and others quoted?
We find out from the books themselves. Tlicy
u T H. [ October 6, 1915
were written by a number of persons living in
different countries and at times far separated,
and some of them had never seen the writings
of the others who had preceded them.
The striking thing about them all is that
they dovetail into one another, constituting a
perfectly harmonious whole. There are no-contradictions
and there is one theme. They are
all on the same subject and all lead forward,
one after the other, towards a troal that is
never lost sight of. This unity and harmony of
design are entirely inexplicable except on the
theory that there was one real author who
guided the minds of the writers. This inference
is irresistable, and the question as to who
this Author was, is too obvious for discussion,
because there was no one but God who could
have done it. So the real author of the Scripture
books was God, and we learn from the
books themselves that it was God the Holy
Spirit, the Third Person of the Adorable Trinity.
In the New Testament we find the direct.
statement made that "Holy men of old spake
as they were moved by the Iloly Ghost," and
therefore all "Scriptures are given by inspiration
of God."
This then is the reason why Christ quotes
from the Scriptures?because they were the inspired
and authoritative word of God and
were rightly considered by the Jews as infallible.
Christ's endorsation of the Old Testament
scriptures is the best proof of their inspiration.
A new Jersey elder said in a speech
before one of our general assemblies, that "The
higher critics say Moses did not write the
Penteteuch, and Isaiah did not write Isaiah,
out (jurist says they did: and I will take
Christ's word for it rather than that of the
critics." The Jersey elder was right; who can
gainsay it? The very books most condemned
by the critics, the Penteteuch. Isaiah and
Jonah are the ones Christ is most pronounced
in approving. So if the question reduces itself
to this?Do the higher critics know more
than Christ knew? If so we haven't any Christ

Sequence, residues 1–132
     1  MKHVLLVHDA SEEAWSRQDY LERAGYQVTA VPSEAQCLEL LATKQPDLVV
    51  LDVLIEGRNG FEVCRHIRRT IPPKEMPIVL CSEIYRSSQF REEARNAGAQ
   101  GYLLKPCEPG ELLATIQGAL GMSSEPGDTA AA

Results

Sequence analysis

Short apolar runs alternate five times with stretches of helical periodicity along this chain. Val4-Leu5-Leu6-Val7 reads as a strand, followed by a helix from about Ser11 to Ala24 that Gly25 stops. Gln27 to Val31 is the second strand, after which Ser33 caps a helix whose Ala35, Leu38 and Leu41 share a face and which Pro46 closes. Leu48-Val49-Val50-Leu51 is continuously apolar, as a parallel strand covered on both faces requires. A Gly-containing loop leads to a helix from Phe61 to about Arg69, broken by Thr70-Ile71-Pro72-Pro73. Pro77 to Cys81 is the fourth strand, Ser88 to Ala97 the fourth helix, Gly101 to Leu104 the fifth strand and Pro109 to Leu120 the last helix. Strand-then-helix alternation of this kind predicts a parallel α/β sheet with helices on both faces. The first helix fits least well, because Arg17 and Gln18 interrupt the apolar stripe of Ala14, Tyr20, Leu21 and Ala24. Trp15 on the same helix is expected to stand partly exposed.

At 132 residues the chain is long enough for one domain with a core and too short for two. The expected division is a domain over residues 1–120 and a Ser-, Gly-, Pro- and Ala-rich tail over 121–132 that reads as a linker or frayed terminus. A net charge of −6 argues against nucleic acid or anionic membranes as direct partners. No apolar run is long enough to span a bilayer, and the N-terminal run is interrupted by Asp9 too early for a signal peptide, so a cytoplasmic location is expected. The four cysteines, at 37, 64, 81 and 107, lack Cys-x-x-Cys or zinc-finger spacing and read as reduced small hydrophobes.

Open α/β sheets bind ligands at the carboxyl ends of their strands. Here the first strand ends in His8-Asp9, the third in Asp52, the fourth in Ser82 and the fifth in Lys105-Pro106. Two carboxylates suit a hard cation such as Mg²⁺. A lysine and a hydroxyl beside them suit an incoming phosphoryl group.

for he was only a man, and was mistaken in
matters of the greatest importance. This aues
tion is easly answered.
Why did God have Ins word "written," instead
of merely giving it by word of mouth?
Because words merely spoken would inevitably
be changed as they passed from one
person to another. Tradition is not a safe
guide. It is almost impossible for any person
to repeat correctly the words of another, and
wnen anything has passed through the minds
and mouths of a dozen persons it is hardly
recognizable to the man from whom it started.
Then God wished the people to be able to
read each one for himself what he has to say
to men. To read and study the Scriptures has
ever been one of the highest privileges and duties
of men. It falls in with God's principle of
individual responsibility, that every mortal is
directly responsible to God for his conduct.
Man wants an authoritative guide. The fact
that the Scriptures claim authority over the
conscience is the reason that man accents them.
Man is made to serve and to obey. His soul
demands an authoritative standard. There
must be an ultimate test of truth and conduct.
The reason the morals of Socrates, Plato,
Aristotle, Zeno and Epicurus failed, and failed
utterly to control the minds and morals of
men was not because they were not good. They
were good in the main, but they had no authority
and claimed none. It was simply o?,e
man speaking to another man. The soul is
listening for a higher voice. That is the rea
son they hear and heed Moses, Isaiah, the
evangelists and St. Paul, and turn away from
Socrates, Aristotle, Plato and Zeno. The sacred